Author Topic: What is inside the throttle?  (Read 54269 times)

Offline GM Brazil

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Re: Inaccurate battery gauge
« Reply #15 on: February 12, 2010, 04:37:03 AM »
My throttle does not shows correctly the low battery status. The battery is a GM 48V12Ah, and the throttle is the 48v one, but when the BMS cuts off the battery the leds still showing that it is at half, and not low.

Is there some way to modify the throttle leds so it shows the correct low voltage information?

Thanks!

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« Last Edit: January 30, 2015, 02:27:24 PM by Bikemad »

Offline Micha

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Re: What is inside the throttle?
« Reply #16 on: January 28, 2015, 12:25:49 PM »
I just replaced the thumb throttle that came with the Pro Kit 902 for a thumb throttle that doesn't have the led's, as the "inaccurate" led readings annoy me and I don't like the design at all with that large led block on top.

Bought a throttle like the throttle pictured:


The thing is that the new throttle is only responsive over a smaller range than it's total rotation from closed to fully open.

Let's say closed is 0% throttle, and open is 100% of the rotation.
This throttle only responds from 20%-60% of the rotation, but still enabeling with 0-100% throttle.

What is causing this, and can I do something about this?

Offline Bikemad

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Fine tuning the throttle
« Reply #17 on: January 29, 2015, 02:00:41 AM »
The throttle output signal is affected by three main factors (assuming the +5V supply is always a constant 5V):
  • The sensitivity of the hall sensor
  • The strength of the magnets
  • The proximity of the magnetic poles in relation to the sensor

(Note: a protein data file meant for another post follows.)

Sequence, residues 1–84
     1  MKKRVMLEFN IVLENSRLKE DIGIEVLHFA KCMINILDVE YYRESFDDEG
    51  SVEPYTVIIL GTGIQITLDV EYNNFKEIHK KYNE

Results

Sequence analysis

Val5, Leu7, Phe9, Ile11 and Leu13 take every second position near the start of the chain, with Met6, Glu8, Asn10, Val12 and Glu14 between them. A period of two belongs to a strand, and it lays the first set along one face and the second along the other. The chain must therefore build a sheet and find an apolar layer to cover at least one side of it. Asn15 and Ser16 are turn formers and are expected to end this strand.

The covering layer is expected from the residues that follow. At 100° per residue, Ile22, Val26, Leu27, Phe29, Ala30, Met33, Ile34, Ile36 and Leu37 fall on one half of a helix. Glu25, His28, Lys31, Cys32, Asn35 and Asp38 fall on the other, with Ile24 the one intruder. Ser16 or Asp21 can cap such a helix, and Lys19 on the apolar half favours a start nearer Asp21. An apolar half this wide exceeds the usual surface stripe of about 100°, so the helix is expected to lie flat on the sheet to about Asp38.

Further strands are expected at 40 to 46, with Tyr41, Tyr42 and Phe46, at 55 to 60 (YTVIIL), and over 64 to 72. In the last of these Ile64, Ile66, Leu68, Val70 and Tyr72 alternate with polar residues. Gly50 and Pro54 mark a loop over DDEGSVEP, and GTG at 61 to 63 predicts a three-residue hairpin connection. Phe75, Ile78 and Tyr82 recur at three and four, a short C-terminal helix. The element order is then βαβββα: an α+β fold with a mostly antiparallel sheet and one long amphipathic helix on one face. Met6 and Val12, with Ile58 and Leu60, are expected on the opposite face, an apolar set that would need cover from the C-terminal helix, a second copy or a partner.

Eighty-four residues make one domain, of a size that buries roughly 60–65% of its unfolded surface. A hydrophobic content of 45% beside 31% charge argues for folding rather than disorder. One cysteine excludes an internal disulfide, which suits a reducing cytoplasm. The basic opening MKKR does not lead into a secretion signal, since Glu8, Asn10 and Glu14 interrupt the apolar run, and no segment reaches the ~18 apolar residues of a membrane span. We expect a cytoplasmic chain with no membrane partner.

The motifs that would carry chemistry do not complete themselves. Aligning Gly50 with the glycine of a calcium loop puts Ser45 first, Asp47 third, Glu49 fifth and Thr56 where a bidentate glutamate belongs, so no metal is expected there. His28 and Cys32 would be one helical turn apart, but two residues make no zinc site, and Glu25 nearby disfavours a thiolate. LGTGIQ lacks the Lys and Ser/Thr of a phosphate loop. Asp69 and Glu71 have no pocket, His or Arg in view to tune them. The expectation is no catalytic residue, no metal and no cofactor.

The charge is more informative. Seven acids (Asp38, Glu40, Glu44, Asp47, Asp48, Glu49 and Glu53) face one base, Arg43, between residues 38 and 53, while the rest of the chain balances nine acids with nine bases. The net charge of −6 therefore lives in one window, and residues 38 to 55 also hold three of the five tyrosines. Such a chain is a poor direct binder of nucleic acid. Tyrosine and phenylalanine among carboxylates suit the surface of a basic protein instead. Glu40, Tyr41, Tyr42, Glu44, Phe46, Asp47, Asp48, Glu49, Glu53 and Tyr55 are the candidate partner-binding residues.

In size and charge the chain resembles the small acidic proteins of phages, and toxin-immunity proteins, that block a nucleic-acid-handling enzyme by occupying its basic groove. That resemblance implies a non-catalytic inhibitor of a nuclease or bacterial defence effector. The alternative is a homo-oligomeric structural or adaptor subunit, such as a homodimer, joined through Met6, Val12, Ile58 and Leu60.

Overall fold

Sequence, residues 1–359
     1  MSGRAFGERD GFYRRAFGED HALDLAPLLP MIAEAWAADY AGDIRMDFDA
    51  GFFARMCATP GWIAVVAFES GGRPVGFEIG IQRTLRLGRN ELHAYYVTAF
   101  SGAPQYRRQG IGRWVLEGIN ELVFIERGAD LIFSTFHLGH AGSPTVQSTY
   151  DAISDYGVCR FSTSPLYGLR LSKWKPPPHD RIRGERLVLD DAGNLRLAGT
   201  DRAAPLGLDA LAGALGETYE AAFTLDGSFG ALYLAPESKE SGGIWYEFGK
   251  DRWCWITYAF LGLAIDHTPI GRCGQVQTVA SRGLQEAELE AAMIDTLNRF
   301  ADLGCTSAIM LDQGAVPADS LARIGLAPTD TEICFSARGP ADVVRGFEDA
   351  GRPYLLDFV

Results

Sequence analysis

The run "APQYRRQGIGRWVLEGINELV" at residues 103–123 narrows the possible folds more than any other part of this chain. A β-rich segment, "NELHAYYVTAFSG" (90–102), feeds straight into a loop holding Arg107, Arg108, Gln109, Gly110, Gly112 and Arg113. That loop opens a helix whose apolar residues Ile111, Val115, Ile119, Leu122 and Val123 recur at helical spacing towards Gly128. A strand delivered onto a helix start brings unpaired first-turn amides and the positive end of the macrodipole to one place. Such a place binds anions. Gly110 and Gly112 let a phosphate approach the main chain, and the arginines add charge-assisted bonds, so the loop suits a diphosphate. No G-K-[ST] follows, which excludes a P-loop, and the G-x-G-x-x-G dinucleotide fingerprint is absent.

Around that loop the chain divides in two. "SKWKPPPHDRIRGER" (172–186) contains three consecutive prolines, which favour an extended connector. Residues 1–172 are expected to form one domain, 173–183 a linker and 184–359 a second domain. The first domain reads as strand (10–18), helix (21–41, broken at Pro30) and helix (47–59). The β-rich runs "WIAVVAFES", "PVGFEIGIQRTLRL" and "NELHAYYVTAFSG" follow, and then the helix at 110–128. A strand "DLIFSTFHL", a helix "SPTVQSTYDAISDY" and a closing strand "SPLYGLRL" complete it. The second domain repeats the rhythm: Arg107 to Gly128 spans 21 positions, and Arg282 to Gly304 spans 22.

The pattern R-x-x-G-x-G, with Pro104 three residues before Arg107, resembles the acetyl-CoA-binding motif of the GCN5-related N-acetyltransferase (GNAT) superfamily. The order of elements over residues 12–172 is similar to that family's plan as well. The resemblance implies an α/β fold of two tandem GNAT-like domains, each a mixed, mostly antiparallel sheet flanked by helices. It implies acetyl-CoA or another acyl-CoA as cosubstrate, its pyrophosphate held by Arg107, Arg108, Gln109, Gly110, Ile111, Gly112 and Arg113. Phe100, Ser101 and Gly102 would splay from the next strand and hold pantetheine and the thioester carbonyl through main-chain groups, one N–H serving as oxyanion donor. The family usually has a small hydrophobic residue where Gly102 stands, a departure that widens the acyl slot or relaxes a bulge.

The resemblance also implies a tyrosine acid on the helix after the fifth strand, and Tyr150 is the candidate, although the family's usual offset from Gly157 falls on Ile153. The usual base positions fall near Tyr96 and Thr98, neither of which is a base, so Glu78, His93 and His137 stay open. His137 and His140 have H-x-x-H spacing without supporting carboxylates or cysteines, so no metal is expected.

Unfortunately, none of the above can be altered easily.

However, it should be possible to fine tune the operation of the throttle, but you would need to use a pair of 10k Ohms trim pot resistors to adjust the voltage at the +5V and 0V inputs of the hall sensor.



Make sure the two resistors are pre-adjusted so the least resistance (ideally 0 Ohms) is between the two pins with the same colour wire (2 and 3 in the diagram) before you connect any power, as there's a good chance that it could actually supply the hall sensor with a reverse polarity feed if they were both accidentally adjusted the wrong way! :o

Reducing the +5V supply to the throttle should reduce the unresponsive 60-100% portion of the throttle movement and increasing the 0V supply should reduce the unused 0-20% portion of the throttle movement.

Adjusting the lower end setting will have a slight effect on the higher end setting (and vice versa) so it may take a little bit of trial and error to get it adjusted just right.

Unfortunately, if the output from the 0V resistor is set too high, you may find that the power on safety feature of the controller will prevent the motor from running.  ???

Alan
 
EDIT:
The vector controllers seem to have a different usable throttle range according to the battery voltage being used.
This would mean that the resistors would need to be readjusted if you changed the battery voltage setting in the controller.
« Last Edit: June 09, 2018, 12:31:57 PM by Bikemad »

Offline Micha

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Re: What is inside the throttle?
« Reply #18 on: January 29, 2015, 11:19:49 AM »
Thanks Alan,

Will see if I can do something about point 2,3 before I venture into relatively unknown territory you opted with the resistors  :o